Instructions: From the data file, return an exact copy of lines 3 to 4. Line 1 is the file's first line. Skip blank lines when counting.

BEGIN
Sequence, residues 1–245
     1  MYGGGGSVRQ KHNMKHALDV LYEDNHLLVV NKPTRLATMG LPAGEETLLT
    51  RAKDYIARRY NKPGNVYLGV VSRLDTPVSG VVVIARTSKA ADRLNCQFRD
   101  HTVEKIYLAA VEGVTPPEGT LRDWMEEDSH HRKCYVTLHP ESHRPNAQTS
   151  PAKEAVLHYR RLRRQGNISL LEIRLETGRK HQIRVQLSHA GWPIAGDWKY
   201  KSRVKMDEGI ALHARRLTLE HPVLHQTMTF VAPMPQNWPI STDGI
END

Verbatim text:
    51  RAKDYIARRY NKPGNVYLGV VSRLDTPVSG VVVIARTSKA ADRLNCQFRD
   101  HTVEKIYLAA VEGVTPPEGT LRDWMEEDSH HRKCYVTLHP ESHRPNAQTS